In recent years, Brazil has tried to simplify the customs process for non-commercial consumers. They introduced the Simplified Customs Clearance process for express delivery shipments, which cuts out many of the complexities in exchange for a flat 60% duty on all goods.

 

Language Barriers

If your company has experience doing business throughout the rest of Latin America, it may be more difficult to do business there for one reason: the language difference. With the majority of business being done in Portuguese, your Spanish-speaking staff and partners will be less helpful in Brazil

To ensure that packages don’t get delayed, it’s important to fill out all of the information in Portuguese, and to have a shipping partner with knowledge of Portuguese to handle issues with customs.

 

The Effect on Shipping

When you combine all of these challenges, they have a clear impact on shipping times and outcomes. Large parcels may take as long as 63 days to import, although small packages ship much more quickly. The high tariffs also make it significantly more expensive to sell goods in the country. The iPhone, for example, is nearly double the price in Brazil due to taxes on imports.

Another effect of all the regulatory red tape is the CPF (short for Cadastro de Pessoas Fisicas), the tax ID number of Brazilian citizens that’s required to be included on any shipping label for a parcel destined to an individual consumer.

 

Find Your Next Opportunity in Brazil

Bottlenecks resulting from the complex regulatory landscape in Brazil aren’t uncommon, but with the right logistics partner, they’re not a reason to avoid doing business there. If your business is looking to expand into the Brazilian market, The Balance has some tips for making that opportunity a reality:

 

  1. Invest your time in creating relationships in the country—including a social network of contacts.

  2. Maintain some sort of presence in the country, either through a personal contact or a company with experience in the country.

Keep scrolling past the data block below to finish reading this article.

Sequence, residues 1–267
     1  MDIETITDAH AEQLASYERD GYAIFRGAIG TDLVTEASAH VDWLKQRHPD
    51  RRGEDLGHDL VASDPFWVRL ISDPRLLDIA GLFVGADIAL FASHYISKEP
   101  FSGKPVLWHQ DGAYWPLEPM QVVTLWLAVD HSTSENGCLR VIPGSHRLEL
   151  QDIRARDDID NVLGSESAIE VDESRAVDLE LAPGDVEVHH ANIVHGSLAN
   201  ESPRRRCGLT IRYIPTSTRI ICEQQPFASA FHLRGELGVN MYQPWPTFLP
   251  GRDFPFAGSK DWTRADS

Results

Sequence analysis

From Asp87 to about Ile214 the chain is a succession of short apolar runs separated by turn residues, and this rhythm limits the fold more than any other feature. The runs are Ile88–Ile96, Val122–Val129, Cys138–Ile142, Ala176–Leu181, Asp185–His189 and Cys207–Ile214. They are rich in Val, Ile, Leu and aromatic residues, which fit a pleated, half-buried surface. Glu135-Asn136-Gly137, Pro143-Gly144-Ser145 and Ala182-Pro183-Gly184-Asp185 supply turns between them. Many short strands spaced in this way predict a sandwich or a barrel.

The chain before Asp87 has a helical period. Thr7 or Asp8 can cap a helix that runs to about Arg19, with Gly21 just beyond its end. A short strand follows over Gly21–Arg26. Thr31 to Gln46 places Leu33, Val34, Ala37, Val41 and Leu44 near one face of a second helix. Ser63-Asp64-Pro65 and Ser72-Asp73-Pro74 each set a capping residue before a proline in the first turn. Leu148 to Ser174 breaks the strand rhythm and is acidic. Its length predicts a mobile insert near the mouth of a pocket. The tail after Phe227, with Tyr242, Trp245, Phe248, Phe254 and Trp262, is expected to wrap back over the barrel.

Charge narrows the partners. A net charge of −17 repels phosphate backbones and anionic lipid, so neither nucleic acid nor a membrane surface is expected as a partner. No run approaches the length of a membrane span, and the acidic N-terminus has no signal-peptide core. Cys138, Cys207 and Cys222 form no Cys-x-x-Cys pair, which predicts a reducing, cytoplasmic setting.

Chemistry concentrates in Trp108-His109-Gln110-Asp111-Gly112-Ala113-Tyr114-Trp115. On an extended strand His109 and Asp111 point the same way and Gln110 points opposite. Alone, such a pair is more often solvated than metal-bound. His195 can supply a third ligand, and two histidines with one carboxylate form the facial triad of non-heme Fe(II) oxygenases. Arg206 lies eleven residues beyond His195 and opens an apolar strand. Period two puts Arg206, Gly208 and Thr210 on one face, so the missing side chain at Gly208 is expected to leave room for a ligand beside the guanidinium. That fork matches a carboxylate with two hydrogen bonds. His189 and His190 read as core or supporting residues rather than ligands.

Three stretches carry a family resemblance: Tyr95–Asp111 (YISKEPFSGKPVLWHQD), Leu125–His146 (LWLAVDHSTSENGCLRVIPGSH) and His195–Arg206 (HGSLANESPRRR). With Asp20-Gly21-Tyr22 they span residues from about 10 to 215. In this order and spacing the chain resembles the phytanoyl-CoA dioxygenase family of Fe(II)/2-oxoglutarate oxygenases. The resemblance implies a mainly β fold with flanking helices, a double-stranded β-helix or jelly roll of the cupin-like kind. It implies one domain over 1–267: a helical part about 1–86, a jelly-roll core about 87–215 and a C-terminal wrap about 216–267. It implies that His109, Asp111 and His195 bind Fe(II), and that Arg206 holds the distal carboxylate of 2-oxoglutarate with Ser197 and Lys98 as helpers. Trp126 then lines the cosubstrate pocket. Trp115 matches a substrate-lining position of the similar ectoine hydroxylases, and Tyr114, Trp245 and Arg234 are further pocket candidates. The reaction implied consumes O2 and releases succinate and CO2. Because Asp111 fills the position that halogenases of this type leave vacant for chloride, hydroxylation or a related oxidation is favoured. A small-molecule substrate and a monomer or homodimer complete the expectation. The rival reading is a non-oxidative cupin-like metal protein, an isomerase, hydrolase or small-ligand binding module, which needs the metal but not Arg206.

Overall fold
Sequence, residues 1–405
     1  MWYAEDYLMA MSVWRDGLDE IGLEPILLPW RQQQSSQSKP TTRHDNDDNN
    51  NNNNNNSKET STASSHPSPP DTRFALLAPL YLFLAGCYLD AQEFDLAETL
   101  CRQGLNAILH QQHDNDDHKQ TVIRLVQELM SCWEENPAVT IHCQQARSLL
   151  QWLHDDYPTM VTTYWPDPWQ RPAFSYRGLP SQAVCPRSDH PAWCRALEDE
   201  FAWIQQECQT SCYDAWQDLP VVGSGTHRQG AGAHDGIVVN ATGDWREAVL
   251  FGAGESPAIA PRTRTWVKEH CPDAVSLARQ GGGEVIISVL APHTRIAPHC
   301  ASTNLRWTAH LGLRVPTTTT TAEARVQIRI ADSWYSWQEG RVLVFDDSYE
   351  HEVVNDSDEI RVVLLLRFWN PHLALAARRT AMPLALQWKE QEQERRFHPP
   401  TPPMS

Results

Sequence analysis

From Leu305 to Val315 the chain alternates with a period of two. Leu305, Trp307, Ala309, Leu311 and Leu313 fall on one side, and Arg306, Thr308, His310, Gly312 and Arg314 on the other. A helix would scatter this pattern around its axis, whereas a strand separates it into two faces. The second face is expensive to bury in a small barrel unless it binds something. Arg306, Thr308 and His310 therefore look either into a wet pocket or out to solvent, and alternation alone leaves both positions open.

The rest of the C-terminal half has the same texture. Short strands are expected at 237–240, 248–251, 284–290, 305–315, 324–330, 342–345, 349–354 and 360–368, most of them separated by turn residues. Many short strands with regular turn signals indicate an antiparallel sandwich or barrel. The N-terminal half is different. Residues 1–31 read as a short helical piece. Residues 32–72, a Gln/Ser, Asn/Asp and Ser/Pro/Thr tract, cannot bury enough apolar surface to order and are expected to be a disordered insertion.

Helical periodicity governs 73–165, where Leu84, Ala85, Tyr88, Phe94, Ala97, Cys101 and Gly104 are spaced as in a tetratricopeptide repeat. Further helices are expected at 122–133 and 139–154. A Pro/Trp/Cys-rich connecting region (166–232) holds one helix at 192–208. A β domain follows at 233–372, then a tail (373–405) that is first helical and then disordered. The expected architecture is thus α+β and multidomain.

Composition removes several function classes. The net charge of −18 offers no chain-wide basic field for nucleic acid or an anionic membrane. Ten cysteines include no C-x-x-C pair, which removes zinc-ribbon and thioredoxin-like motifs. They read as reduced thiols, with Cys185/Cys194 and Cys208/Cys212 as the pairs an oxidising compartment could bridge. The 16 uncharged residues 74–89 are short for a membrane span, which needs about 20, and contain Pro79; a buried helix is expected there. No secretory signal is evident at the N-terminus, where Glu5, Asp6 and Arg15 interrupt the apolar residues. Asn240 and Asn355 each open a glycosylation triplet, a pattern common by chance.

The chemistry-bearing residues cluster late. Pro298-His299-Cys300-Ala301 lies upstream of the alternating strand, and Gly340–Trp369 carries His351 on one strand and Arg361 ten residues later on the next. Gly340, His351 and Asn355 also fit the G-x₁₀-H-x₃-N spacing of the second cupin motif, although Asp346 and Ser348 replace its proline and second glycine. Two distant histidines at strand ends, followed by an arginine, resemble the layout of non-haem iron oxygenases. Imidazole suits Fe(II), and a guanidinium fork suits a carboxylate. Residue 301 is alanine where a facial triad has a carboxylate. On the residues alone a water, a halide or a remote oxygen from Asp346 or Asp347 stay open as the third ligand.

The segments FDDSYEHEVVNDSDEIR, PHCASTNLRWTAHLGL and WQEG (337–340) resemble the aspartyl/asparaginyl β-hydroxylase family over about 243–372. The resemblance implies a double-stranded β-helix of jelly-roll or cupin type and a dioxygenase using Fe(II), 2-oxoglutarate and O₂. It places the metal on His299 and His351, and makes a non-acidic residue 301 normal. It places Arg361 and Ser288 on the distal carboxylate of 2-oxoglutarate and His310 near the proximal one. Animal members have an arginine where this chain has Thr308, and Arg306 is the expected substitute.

3. Attend trade shows to introduce your company and familiarize yourself with the market.

  4. Understand how trade regulations and standards will affect your business.

 

While there’s some economic turmoil, the long-term outlook for Brazil is bright thanks to the rich diversity of its natural resources (unlike Venezuela, which relies heavily on oil), the growth in new industries, and its relations with other emerging powerhouses like China.

The key to overcoming Brazilian market barriers is finding a shipping partner with the experience to navigate all of the country’s logistics hurdles. For decades, SkyPostal has forged relationships with local carriers and service providers to create a closed loop delivery system. Thanks to this system, SkyPostal customers avoid many of the issues associated with shipping to Brazil.

SkyPostal customers shipping to Brazil enjoy real-time feedback to help them navigate tax issues and ensure same-day customs clearance. If you’re interested in shipping to Brazil or other countries throughout Latin America, contact us today to learn more about our rates and services.

Shipping to Brazil means going through one of its many ports.c
Shipping to Brazil means going through one of its many ports. - Image source